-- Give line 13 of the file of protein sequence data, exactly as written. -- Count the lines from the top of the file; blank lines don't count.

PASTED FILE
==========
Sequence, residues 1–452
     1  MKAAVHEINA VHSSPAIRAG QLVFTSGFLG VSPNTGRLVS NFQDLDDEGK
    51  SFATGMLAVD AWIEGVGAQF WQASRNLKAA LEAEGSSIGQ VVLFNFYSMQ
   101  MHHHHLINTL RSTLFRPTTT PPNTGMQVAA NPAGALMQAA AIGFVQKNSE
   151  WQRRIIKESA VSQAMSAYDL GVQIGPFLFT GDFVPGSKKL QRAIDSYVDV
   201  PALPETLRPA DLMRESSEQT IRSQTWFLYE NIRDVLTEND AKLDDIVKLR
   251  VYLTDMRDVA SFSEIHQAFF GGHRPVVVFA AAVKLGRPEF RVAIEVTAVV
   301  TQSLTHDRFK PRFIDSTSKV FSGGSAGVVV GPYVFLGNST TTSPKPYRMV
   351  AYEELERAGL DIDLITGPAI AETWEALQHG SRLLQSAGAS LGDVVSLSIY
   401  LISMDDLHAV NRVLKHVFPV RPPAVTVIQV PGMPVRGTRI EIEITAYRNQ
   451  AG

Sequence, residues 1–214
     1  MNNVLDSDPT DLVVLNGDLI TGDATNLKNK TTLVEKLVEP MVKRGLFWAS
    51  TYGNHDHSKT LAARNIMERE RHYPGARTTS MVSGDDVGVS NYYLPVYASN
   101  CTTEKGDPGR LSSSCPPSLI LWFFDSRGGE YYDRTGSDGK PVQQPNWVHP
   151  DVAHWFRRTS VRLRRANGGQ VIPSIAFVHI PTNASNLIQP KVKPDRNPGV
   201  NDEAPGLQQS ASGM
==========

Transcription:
     1  MNNVLDSDPT DLVVLNGDLI TGDATNLKNK TTLVEKLVEP MVKRGLFWAS